In years past, MyVeronaNJ.com’s review of the top stories of the year looked only at the most read stories of the year. That was good for capturing the highlights, but didn’t reflect all that had happened in Verona.
So this year, we’ve looked at all the stories we published–more than 1,000–to create a look back on 2018 in Verona, and it is below. We’ll continue to have a separate story on the Veronans, both current and former, who passed away in 2018.
Here’s what happened this past year:
January: The year starts out with a protest against the lack of ice skating at Verona Park despite a long stretch of cold weather. The Town Council announces an acting chief of police, Christopher Kiernan, who will go on to be confirmed as the chief in full later in the year. The Council also kicks off a revaluation of all the homes in Verona. Developers unveil plans to build an assisted living facility on the site of the Richfield Regency, but the project does not complete its Board of Adjustment hearings by year end. And as January draws to a close, Rep. Rodney Frelinghuysen, announces that he will not seek re-election after more than two decades in Congress.
February: With mass shootings increasingly common, the Verona Police Department trains for a response and invites a reporter to witness the active shooter drill. Verona High School sophomore Owen Fogarty breaks VHS’ indoor pole vault record, set in 2011, but has his eyes on the much longer standing outdoor record. Fred Santoro is honored for 40 years of service on the Verona Rescue Squad and the Republican primary for Congress kicks off with a declaration by Verona’s state assemblyman, Jay Webber. The race eventually grows to five Democratic and five Republican challengers.
March: The Board of Education unveils plans for two ballot questions to be added to the November election, one on expanding Verona kindergarten to a full-day schedule and the other on providing additional mental health services. Dr. Kathryn A. Foster, a 1975 graduate of VHS, is named president of The College of New Jersey. VHS students walk out of class to show support for the victims of shooting at Marjory Stoneman Douglas High School. Verona learns that a mosque will replace the Congregation Beth Ahm synagogue and VHS’ first swim team completes its first season.
April: Jump Rope For Heart, a Verona school fundraiser since the 2002-2003 school year, reaches a huge milestone. After a false start, VHS football sets a new course and names former VHS football player Kevin Batty as head coach, while another former VHS player, Bob Kiss, rides a bike across America to raise money for charity. A new resident raises awareness of living organ donation, and an Urban Outfitters store in Scotland is found to be selling Hillbilly merchandise.
May: Things are quieter in May, but there is big news nonetheless. Jack Strippoli, a VHS junior, hits a milestone that no other VHS golfer has achieved. The Town Council approves new commercial garbage collection rules, but is forced to backtrack on them almost immediately.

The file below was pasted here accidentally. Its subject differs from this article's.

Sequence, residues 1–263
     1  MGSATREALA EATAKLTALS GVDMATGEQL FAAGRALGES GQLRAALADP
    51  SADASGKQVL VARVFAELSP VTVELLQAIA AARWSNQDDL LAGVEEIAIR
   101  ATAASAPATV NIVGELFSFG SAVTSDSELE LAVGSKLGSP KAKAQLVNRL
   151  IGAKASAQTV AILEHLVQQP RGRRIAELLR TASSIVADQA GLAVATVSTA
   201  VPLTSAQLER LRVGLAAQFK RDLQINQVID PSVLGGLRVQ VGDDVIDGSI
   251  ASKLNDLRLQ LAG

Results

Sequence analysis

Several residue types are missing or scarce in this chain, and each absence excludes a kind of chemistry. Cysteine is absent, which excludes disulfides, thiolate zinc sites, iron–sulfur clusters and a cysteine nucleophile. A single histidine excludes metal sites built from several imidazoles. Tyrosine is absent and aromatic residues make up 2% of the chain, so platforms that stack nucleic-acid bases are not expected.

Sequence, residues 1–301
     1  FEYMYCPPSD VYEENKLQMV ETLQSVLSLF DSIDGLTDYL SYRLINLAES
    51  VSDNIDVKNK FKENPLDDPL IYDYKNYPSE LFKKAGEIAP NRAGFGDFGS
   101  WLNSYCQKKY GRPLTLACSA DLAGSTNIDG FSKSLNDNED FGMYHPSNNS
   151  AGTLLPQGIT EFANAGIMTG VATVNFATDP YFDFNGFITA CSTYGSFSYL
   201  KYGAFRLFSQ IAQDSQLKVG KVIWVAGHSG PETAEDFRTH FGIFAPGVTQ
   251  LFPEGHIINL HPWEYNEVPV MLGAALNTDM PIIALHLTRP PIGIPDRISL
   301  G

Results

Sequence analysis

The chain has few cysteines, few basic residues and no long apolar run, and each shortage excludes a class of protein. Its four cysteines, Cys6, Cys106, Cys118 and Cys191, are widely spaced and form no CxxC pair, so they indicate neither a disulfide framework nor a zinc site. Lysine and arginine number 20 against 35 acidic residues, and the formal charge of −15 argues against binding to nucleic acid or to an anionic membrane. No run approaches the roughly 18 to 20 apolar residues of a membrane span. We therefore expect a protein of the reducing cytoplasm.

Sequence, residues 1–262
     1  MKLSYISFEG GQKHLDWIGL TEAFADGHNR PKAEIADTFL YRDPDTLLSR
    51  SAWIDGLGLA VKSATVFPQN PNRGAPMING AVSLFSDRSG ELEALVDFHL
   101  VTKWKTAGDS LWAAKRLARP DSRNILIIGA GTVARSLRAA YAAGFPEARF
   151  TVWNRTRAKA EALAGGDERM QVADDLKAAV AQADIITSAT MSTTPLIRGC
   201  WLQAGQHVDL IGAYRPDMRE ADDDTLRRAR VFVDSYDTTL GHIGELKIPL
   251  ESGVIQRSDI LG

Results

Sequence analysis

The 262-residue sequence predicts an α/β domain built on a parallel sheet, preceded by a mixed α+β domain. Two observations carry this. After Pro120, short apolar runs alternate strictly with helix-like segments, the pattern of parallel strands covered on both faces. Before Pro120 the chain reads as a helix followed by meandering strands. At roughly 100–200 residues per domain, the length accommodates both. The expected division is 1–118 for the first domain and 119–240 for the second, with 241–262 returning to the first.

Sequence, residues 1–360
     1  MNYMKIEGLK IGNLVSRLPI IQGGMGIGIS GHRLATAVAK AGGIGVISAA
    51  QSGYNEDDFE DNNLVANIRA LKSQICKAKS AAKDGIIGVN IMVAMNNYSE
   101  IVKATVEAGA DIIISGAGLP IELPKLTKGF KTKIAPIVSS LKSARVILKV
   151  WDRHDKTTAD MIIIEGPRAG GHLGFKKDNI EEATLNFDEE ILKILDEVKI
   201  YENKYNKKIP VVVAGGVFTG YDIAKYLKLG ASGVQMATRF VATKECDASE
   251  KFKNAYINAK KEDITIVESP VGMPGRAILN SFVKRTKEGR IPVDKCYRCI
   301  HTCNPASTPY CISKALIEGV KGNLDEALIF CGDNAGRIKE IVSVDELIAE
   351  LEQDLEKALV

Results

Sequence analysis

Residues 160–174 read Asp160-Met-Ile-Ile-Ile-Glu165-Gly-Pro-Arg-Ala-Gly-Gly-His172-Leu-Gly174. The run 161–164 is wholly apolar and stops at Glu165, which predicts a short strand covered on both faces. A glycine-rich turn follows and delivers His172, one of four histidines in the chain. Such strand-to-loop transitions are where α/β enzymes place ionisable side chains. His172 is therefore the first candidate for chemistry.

June: The Council votes to rescind the garbage ordinance and honors Edward Conlon and Michael Zichelli for decades of service to Verona’s planning and zoning boards. The Mane Place salon celebrates a milestone anniversary. And Owen Fogarty finally breaks a VHS pole vault record that had stood since 1974. Verona’s new mosque observes its first Ramadan and hosts an interfaith dinner.
July: Six candidates file to run for the BOE election in November, although two will drop out before Verona goes to the polls. Although Verona is normally fairly crime-free, several cars in the Laning area are entered overnight and the police remind residents to lock there car doors. Verona youth participate in mission trips to Appalachia organized by the Episcopal Church of the Holy Spirit. A new resident reveals plans to create a lifestyle brand around Claude Monet, the French Impressionist.
August: The youth group at Our Lady of the Lake goes on its own mission trip to Appalachia. A lost homing pigeon is rescued at the Verona Pool. One VHS graduate stars in an unusual production of “Fiddler On The Roof“, while another is named the new head coach of VHS volleyball. A freak rainstorm turns into a damaging flash flood, the former VHS football coach sues the BOE and Verona’s last factory closes.
September: As a new school year opens, the VHS football and volleyball teams play games to raise awareness of ways to prevent suicide, a tragedy that has touched Verona.
October: We learn that there will be no federal aid to help Verona families whose homes and businesses were damaged in the August flash flood. The walk led by Verona residents for the American Foundation for Suicide Prevention tops its fundraising goals. Plans for a large apartment building on the Verona-Montclair line take shape. Verona has its first Restaurant Week, but soon after, one of those restaurants closes.
November: The first residents move in to the new apartments at the former Annin Flag factory. A former resident organizes a coat drive for California wildfire victims. Mikie Sherrill handily defeats Jay Webber to be Verona’s new representative to Congress while the BOE election brings two new faces to that body. VHS students win a college engineering challenge, the Town Council discloses plans to buy the former Cameco plant for affordable housing and Verona Police file charges over a party with underage drinking.
December: VHS grad Julia Ashley leads her college team to a national soccer playoff. In a 4-1 vote, the Council votes to buy the Cameco plant, capping a year of effort to meet Verona’s affordable housing obligations. One former VHS student helps VHS freshmen, sophomores and juniors to get a new perspective on the Holocaust, while another answers questions–and dispells fears–about college.